Indoor Fireworks Projector: Uh.. o.k.

Resembling a small planetarium, this jaw-droppingly entertaining gizmo beams realistic virtual firework displays across walls and ceilings. It even blasts out suitably explosive sound effects. The only thing missing is the heady aroma of gunpowder mixed with boiled hot dogs. Impressed? You should be because the Sega is the world’s first indoor firework projector, and unless you fancy flying to Japan the only place to get it is right here at Firebox.

Do I get one for free for blogging about it? I’d be happy to include the usual disclaimers, such as, “I’ll do anything for a free gift.”

Maths powers Google’s auction strategy for Nortel patents

Google’s bids for a pool of wireless patents were based on mathematical constants, say sources.

The portfolio of 6,000 patents was auctioned to realise some value from the assets of bankrupt telecoms firm Nortel. During the sale, Google’s bids were based on pi, other constants and the distance between the Earth and the Sun.

Google lost the auction as a consortium including Apple and Microsoft made the winning bid of $4.5bn…

The sale of the patent portfolio started as a five-way scrap between two separate consortia and individual firms including Google and Intel. Initial estimates suggested the portfolio would attract around $2bn but the four days of intense bidding saw the total rise sharply.

During its bids, Google picked numbers including Brun’s constant and Meissel-Mertens constant that were said to have “puzzled” others involved in the auction. When bids from rivals hit $3bn, Google reportedly bid pi, $3.14159bn, to up the ante.

Either they were supremely confident or they were bored,” Reuters’ source said.

It is not clear what inspired Google to draw on obscure mathematics for its bids. However, Google co-founder Sergey Brin is widely acknowledged to be a maths prodigy and the bids may reveal his influence…

Ultimately the portfolio was being fought over by two groups: Google and Intel on one side and the Microsoft/Apple-led consortium on the other.

Reuters completely missed the Third Force analysis, which is – Google is often guided by a sense of humor reflecting the attitudes of the founders.

Protesting helmet laws + no helmet = Darwin award candidate

Police say a motorcyclist participating in a protest ride against helmet laws in upstate New York died after he flipped over the bike’s handlebars and hit his head on the pavement.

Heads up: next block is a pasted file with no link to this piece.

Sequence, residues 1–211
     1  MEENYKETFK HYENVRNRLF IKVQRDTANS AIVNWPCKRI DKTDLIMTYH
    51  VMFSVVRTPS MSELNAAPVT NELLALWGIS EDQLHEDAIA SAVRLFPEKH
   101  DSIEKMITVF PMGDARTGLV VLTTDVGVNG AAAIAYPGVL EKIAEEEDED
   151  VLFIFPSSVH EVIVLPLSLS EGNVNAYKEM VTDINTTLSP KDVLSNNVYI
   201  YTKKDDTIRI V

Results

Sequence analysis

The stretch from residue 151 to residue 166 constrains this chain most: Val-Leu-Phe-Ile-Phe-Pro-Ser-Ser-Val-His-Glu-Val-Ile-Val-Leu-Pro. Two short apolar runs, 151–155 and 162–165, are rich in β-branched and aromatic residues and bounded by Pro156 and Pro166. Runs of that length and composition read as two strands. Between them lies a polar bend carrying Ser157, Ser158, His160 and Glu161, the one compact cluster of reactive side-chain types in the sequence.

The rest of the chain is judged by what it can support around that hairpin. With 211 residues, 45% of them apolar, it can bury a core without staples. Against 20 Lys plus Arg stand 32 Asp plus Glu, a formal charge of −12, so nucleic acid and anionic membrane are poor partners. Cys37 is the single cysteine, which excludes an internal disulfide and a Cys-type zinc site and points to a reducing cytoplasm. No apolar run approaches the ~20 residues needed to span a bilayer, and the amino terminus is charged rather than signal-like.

The accident happened Saturday afternoon in the town of Onondaga, in central New York near Syracuse.

State troopers tell The Post-Standard of Syracuse that 55-year-old Philip A. Contos of Parish, N.Y., was driving a 1983 Harley Davidson with a group of bikers who were protesting helmet laws by not wearing helmets.

Troopers say Contos hit his brakes and the motorcycle fishtailed. The bike spun out of control, and Contos toppled over the handlebars. He was pronounced dead at a hospital.

Troopers say Contos would have likely survived if he had been wearing a helmet.

Uh-huh.

Thanks, Ursarodinia

Uncle Sugar could use better debt collectors

Uncle Sam could use better debt collectors. Fraudsters, polluters and other corporate and white-collar miscreants owe government agencies more than $65 billion in fines. Only pennies on the dollar are ever paid. With private firms like Contrarian Capital making millions buying claims from creditors, maybe they and the feds should do business.

Some wrongdoers are going to be write-offs from the start. In 2009, a court ordered officers of National Century Financial Enterprises, an Ohio healthcare finance company, to cough up a whopping $2.38 billion for defrauded investors. They’ve paid only about $3.1 million, and with many in prison, there’s little hope for more…

Even with billions at stake during crunching budgetary times, the feds are bad at dunning deadbeats. A just-released study found that courts scatter responsibility for collecting criminal judgments across the nation’s 94 U.S. attorneys’ offices. The result has been a 4 percent payment rate. Other agencies have been similarly inefficient. The chief mining regulator has collected about 5 percent of fines. Customs, about 31 percent…

There may be a better way. Banks and hedge funds make big bucks buying bankruptcy and other claims at a discount and then pursuing debtors for a higher payout. Distressed-asset firms like Contrarian bid for shares of the potential recovery from Bernard Madoff’s Ponzi scheme. Silver Point Capital and other funds similarly traded in Lehman Brothers bankruptcy claims. Why not federal claims against corporate wrongdoers?

The government still wouldn’t get paid in full. Lehman claims traded recently at 18 to 21 cents on the dollar, and Madoff shares at around 30 cents. But that’s a lot better than 4 percent, and figures are higher for better risks.

Let’s work at getting something back from the creeps who have been stealing from the public pot. It ain’t going to hurt too many friendships at the electoral country club, guys.